Hinsdale native embraces new role as police chief
HINSDALE -- Nancy Daniels loves her hometown and she wants to keep it safe.
Now she has the chance to have a big impact on the safety of her friends and neighbors. Daniels was appointed Wednesday to the permanent, full-time position of Hinsdale police chief.
"It’s a major honor and quite an accomplishment," said Daniels, 48, from behind the chief’s desk at the Hinsdale Police Station. "I’ve lived here all my life, so I know everybody and I think that’s an asset."
Daniels, who is also a certified emergency medical technician, worked as an EMT in Hinsdale before then-Police Chief Mark Green convinced her to tryout a part-time job as a town police officer. That was in 1999, 13 years ago.
Since then, Green was sent to jail for six months in a larceny case that snagged two other Hinsdale officers. Then Christopher Powell resigned the chief’s post in 2010 after the department was restructured. And in June 2012, former chief Christian Pedoty resigned after being assaulted by a girlfriend, who was serving as a police officer in Peru at the time.
As the senior police officer in the department, Daniels was appointed officer-in-charge last June to run the department while the Select Board decided how to fill the chief’s chair.
"We were definitely looking for someone who has a positive outlook and does things the right way," said David Kokindo, chair of the Hinsdale Select Board.
When Daniels took the reins of the department, Kokindo said, "She just kind of took charge and got things set up. I was impressed with how she handled herself in different situations and the direction she took the police department. Even residents of the town were impressed."
It became clear to the select board after a few months that they need look no further.
"Here’s someone who’s lived in town all her life and definitely knows how to carry that load," Kokindo said. "She understands the job and the people that she’ll be serving. It became apparent that maybe we didn’t need to worry about the search [for a new police chief]. I think she’ll do just fine."
The full-time position carries with it the responsibility to patrol full time, just like any of other six part-time police officers in the department. In addition, she is responsible for all the administrative duties it takes to run a small-town police department.
Daniels said she tries to approach each individual with respect, and goes into every situation with an open mind.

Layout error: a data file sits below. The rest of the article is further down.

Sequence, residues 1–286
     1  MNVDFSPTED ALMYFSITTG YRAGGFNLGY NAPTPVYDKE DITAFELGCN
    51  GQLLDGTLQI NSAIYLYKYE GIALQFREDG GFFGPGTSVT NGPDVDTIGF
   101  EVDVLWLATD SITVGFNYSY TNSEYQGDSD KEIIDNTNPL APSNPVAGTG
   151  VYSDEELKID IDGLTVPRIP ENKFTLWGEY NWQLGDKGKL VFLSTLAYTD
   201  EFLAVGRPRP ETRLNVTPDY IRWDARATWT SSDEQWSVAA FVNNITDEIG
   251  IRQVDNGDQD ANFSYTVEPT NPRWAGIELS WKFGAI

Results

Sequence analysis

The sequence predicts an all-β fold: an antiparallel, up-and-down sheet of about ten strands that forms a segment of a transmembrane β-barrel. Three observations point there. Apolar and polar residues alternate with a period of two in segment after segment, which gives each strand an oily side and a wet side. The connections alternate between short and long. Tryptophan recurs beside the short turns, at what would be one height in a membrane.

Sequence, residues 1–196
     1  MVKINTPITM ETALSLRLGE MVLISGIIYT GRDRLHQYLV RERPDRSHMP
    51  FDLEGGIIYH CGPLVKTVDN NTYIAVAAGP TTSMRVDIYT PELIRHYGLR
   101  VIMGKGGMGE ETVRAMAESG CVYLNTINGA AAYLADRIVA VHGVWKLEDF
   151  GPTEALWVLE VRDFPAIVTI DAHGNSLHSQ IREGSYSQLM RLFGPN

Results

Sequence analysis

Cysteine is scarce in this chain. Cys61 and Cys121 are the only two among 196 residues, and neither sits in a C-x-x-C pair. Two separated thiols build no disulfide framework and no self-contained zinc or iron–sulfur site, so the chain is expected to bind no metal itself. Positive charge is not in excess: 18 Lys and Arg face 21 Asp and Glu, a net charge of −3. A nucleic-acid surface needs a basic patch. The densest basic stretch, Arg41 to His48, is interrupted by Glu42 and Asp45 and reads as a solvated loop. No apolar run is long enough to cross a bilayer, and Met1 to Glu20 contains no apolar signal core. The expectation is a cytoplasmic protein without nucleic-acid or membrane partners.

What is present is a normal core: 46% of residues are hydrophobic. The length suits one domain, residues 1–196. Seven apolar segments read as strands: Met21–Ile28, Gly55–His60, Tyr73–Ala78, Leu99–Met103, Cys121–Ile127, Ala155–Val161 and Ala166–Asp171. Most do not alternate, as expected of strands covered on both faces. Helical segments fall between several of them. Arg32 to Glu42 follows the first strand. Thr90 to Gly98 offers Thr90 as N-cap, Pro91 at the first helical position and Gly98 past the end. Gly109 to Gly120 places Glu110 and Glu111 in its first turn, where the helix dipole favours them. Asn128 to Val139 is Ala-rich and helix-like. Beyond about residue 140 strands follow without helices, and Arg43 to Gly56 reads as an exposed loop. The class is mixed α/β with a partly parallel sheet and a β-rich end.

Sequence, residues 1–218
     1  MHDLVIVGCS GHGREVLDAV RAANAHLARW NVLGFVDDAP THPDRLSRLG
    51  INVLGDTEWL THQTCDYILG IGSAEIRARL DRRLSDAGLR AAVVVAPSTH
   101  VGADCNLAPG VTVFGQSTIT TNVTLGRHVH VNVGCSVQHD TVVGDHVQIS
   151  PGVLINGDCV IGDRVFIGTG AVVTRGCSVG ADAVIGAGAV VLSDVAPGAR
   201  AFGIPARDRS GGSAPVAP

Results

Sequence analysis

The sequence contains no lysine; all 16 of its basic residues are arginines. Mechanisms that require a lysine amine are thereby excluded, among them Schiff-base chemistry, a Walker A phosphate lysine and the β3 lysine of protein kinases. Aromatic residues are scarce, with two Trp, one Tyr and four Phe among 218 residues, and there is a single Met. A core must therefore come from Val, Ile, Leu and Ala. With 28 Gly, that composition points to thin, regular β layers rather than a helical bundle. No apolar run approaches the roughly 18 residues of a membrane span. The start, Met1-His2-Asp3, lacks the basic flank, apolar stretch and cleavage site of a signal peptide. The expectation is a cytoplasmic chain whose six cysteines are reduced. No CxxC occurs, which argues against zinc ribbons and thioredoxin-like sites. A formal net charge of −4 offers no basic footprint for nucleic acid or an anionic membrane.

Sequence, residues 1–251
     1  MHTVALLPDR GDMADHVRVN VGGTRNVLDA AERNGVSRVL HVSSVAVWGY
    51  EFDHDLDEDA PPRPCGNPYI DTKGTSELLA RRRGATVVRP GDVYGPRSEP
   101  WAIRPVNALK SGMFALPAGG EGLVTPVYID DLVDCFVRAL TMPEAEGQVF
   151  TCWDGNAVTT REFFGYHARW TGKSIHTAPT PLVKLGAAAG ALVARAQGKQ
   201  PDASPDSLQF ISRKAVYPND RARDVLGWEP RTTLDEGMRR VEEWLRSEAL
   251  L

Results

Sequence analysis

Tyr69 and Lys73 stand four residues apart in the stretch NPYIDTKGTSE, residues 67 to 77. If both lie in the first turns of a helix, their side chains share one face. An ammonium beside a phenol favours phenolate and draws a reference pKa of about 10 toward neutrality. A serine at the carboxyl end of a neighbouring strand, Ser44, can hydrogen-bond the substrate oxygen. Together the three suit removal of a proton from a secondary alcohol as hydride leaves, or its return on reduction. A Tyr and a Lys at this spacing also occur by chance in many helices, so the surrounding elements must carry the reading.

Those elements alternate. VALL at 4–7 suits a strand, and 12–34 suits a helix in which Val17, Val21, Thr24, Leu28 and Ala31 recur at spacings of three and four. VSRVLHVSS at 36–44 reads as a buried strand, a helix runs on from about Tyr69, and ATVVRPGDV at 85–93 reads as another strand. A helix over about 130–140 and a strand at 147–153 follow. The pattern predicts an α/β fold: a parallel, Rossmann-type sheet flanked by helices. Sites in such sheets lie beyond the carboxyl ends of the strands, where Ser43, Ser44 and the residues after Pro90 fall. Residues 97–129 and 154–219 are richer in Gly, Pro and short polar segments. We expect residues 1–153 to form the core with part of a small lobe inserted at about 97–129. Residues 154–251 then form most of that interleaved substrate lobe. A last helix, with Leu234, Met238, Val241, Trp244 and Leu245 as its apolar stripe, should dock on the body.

"As long as we do our job and everybody goes home safely, I’m happy," Daniels said.
Among the job requirements is attending a full-time police academy -- a physically and mentally challenging six-month training process. Daniels expects to start at the academy this fall, and has already started with dietary changes and physical training.
Daniels has three grown children and two grandchildren living in town. She said her family is thrilled with her appointment. In fact, her stepfather is especially proud -- he once served as a sergeant in the department.
"I have a vested interest in keeping this town safe," she said. "And as chief, you’re never really unavailable, and you never know what to expect."
Daniels says that having been in the department over the past decade has given her valuable knowledge and experience.
"I’ve never been a quitter, but I’ve been through several police chiefs. It has not been an easy road," she said.
Someone who is also familiar with the road to the chief’s chair is Egremont Police Chief Reena Bucknell, the first female police chief in Berkshire County. Daniels is only the third female chief in the county.
Bucknell has worked on a case or two with Daniels in the recent past.
"She’s been very professional," Bucknell said. "From what I’ve seen in the past she’s just been wonderful."
Like Daniels, Bucknell doesn’t see this appointment as a gender issue.
"If you’re capable of doing a good job, gender should not matter, and in this case it doesn’t," Bucknell said. "So I’m glad for her and I’m glad for Hinsdale. She’ll make a fine chief."
Daniels hopes to bring tstructure and stability to the department, she said.
One of the things the Select Board hopes she brings to the job is longevity, Kokindo said.
That’s a goal Daniels shares with the board.
"Hopefully, I’ll be here in this job until I’m so old I can’t do it anymore," she said.
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